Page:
Light Alternative?

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gdcross

Member
2002-05-30 2:16 am
I've been reading a lot of the posts about lights so I'll throw this at you because there's a lot of pages (which I don't have to time to go through right now) to read to see if it has been mentioned. a search didn't come up with anything.

I see that a lot of people are using mercury vapor bulbs. Most of the mercury vapor bulbs burn toward the yellow visible spectrum (really simplified). A suggestion I submit is using lights that are used in salt water aquariums. The Very High Output (VHO) and Metal Halides (you want the daylight bulbs) are in the high white spectrum and are very 'bright'. The electronic ballast that you will require for the lights are expensive, but they come in kits which include a reflector (conic or flat - your choice) or the parts can be purchased separately. The upside is that they last a long time and since you're not worried about a slight loss in light over time, they should last several years.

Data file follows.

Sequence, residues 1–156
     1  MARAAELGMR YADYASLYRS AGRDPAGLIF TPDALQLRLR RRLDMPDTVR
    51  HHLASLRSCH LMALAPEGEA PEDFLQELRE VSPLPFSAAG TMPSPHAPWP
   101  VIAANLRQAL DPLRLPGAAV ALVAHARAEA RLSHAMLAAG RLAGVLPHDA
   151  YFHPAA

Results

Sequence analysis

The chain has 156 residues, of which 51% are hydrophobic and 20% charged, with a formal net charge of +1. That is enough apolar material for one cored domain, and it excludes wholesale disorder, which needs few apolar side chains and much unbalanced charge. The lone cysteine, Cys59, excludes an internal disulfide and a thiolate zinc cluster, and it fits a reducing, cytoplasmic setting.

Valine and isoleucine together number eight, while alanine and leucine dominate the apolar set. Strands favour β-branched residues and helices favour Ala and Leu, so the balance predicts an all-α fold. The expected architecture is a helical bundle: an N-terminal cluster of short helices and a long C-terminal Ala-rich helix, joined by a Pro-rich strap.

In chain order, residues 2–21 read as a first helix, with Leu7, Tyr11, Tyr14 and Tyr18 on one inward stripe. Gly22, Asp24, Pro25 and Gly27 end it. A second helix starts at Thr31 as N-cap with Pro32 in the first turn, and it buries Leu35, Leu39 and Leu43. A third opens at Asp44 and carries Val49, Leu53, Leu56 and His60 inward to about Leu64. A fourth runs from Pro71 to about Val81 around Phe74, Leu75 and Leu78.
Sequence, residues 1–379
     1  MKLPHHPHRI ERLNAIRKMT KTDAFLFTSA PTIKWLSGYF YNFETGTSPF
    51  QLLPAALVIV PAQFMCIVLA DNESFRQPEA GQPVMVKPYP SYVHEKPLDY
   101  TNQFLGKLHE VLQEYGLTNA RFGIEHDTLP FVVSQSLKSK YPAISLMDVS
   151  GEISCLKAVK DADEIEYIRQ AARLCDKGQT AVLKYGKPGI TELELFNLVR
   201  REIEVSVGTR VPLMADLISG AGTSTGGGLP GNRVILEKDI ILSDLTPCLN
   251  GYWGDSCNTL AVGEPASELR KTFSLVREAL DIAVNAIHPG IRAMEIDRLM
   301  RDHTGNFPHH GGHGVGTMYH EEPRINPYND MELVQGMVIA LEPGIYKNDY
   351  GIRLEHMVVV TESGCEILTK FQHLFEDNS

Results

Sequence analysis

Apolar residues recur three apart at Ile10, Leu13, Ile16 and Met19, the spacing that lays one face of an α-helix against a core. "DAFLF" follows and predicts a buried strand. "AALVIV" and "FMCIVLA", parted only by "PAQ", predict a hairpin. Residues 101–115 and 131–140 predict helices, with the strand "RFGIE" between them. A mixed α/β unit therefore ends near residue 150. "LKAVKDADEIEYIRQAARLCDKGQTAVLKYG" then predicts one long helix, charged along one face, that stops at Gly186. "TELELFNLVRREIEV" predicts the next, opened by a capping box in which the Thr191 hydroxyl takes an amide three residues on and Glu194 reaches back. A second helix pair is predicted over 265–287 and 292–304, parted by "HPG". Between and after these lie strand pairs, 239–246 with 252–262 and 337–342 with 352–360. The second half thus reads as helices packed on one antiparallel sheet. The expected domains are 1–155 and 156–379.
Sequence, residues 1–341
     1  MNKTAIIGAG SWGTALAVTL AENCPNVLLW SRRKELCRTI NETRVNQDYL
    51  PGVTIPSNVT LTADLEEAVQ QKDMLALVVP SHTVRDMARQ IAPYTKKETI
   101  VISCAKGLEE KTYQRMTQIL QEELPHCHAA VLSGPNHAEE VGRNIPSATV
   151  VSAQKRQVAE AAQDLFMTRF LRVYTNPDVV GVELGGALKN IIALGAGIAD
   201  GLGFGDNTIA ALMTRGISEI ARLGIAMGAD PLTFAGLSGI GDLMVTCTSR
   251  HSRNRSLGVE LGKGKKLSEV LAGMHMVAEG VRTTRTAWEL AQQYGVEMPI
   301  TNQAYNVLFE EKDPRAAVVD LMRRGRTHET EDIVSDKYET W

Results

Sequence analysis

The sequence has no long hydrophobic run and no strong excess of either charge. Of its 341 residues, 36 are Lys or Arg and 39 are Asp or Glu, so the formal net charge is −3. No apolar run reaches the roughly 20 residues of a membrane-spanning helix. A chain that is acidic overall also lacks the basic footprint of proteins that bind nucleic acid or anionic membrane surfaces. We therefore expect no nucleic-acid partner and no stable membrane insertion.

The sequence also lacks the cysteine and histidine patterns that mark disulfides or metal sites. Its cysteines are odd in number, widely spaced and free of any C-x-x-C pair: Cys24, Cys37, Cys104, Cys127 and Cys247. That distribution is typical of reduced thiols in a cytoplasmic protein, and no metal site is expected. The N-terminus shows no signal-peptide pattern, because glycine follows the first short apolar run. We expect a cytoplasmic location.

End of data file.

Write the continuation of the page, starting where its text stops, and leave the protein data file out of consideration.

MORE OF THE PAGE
The electronic ballasts run very cool (the Ice Cap ballasts I can attest too as two of them drive my VHO florescents on my 375 aquarium) and are easy on the electric bill. There is no need to have a fan for them (you will for the bulb area), they run that cool if not enclosed. They look good too, so you may not want to cover them for the coolness factor. They also have minature florescents. If you want more bulbs, you can gang them if you get the right ballast. Warning - these ballasts are not cheap but beat the cheap ones both in cost of use and mean time before failure. I've had my two ballast for nearly nine years and no sign of quitting or bad power output (blackened ends of flourescent tubes).